Effie Delimarkos, a spokeswoman for Boy Scouts of America, told The Washington Post last year that the move was tied to the church’s desire for a youth program that focused more on preparing teenage Mormon boys to go on church missions. “We’re sad to see that decision, but we understand,” Delimarkos said. “We’re just not kind of aligning with what the church needs men to focus on.”

The Mormon Church opposes same-sex marriage, teaches that sex outside of marriage is a sin, and does not allow openly gay men or women to hold church leadership roles.

The Mormon Church’s press office said officials had been conducting an “extensive review” of existing youth programs, and addressing the church’s need to “fortify all children and youth with gospel-centered growth and learning experiences.”

A new youth program, set to be launched January 2020, will be “designed to support families as they seek to develop faith in Jesus Christ and build character and capacity,” the church officials wrote in a statement.

“This approach is intended to help children and youth discover their eternal identity, build character and resilience, develop life skills, participate in outdoor activities and service opportunities, and strengthen their ability to fulfill their divine roles as daughters and sons of God,” the church wrote.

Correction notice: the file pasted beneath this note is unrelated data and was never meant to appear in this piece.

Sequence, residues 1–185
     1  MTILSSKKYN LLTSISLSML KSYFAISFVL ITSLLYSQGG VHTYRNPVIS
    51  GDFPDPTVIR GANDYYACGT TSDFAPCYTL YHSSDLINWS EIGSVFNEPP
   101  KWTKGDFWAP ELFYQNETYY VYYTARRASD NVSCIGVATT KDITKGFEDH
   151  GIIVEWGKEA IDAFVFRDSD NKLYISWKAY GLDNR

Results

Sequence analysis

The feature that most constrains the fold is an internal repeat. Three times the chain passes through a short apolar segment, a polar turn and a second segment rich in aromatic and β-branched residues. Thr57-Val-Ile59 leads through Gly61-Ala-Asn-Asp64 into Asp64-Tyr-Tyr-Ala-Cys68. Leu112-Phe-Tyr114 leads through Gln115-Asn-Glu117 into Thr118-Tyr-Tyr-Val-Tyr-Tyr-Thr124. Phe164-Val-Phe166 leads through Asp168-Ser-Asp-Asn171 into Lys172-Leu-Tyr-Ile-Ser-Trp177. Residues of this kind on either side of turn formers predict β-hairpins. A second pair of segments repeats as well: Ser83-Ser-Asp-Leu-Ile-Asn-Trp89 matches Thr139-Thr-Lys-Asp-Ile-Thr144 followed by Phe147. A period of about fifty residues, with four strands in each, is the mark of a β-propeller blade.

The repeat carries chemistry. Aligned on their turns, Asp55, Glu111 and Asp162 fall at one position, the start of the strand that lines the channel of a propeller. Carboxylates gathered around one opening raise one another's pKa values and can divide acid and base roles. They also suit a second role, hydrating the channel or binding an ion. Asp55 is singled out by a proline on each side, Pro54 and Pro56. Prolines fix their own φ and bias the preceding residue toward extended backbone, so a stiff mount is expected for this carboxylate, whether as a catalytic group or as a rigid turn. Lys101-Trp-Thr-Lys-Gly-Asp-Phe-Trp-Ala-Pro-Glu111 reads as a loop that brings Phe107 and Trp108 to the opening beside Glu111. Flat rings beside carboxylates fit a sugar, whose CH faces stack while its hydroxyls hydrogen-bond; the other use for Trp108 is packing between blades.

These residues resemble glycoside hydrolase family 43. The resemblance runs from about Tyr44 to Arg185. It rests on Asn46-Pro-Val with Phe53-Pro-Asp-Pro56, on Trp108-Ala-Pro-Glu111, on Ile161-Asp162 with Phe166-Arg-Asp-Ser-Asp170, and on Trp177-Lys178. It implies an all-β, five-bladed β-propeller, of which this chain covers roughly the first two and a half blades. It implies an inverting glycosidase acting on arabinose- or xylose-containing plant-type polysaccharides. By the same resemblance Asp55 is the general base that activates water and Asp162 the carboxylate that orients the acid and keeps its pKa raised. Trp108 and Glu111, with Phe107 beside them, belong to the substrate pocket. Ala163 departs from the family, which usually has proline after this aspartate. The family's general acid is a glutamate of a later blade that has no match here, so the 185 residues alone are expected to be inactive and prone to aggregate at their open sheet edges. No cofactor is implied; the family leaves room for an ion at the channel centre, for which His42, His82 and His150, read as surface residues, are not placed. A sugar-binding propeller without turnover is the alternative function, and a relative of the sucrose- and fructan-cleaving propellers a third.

Church officials attributed its changing needs to its increasingly global membership — more than half of the church’s 16 million members live outside the United States and Canada.

The church plans to remain a partner of the Boy Scouts for boys ages 8 to 13 until the end of next year, when the transition to the new youth program will be finalized.

While about 70 percent of chartered Boy Scout troops are sponsored by faith-based organizations, Mormon boys will still be able to join Boy Scout troops independent of their churches. In a statement Tuesday, the Boy Scouts’ Great Salt Lake Council said it planned to continue working with community partners and organizations to provide options for any youths who still hope to be Scouts after the partnership ends.

“It’ll be a blow,” said Mark Griffin, president of the Boy Scouts’ Great Salt Lake Council, told the Deseret News. “We can’t say that it was a total surprise.” He said he knew the church was working on a global initiative “based on the need to do the same program in Paris, France, as they have in Paris, Texas.”

Reactions to the news were mixed from Mormons who grew up with Scouting, working their way toward becoming Eagle Scouts. Some expressed disappointment, recounting the positive and challenging experiences the Boy Scouts provided them in their youth. Others welcomed the news, criticizing the bureaucracy and costs of the Scouts and voicing a need to create a new, flexible program to meet the needs of the church.

“While some people are without question shocked, this move does not surprise me the least,” David Moore, a Mormon resident of Salt Lake City, wrote on Facebook. He added: “The cost to individual church units … has simply become unsustainable over the past 2 decades.”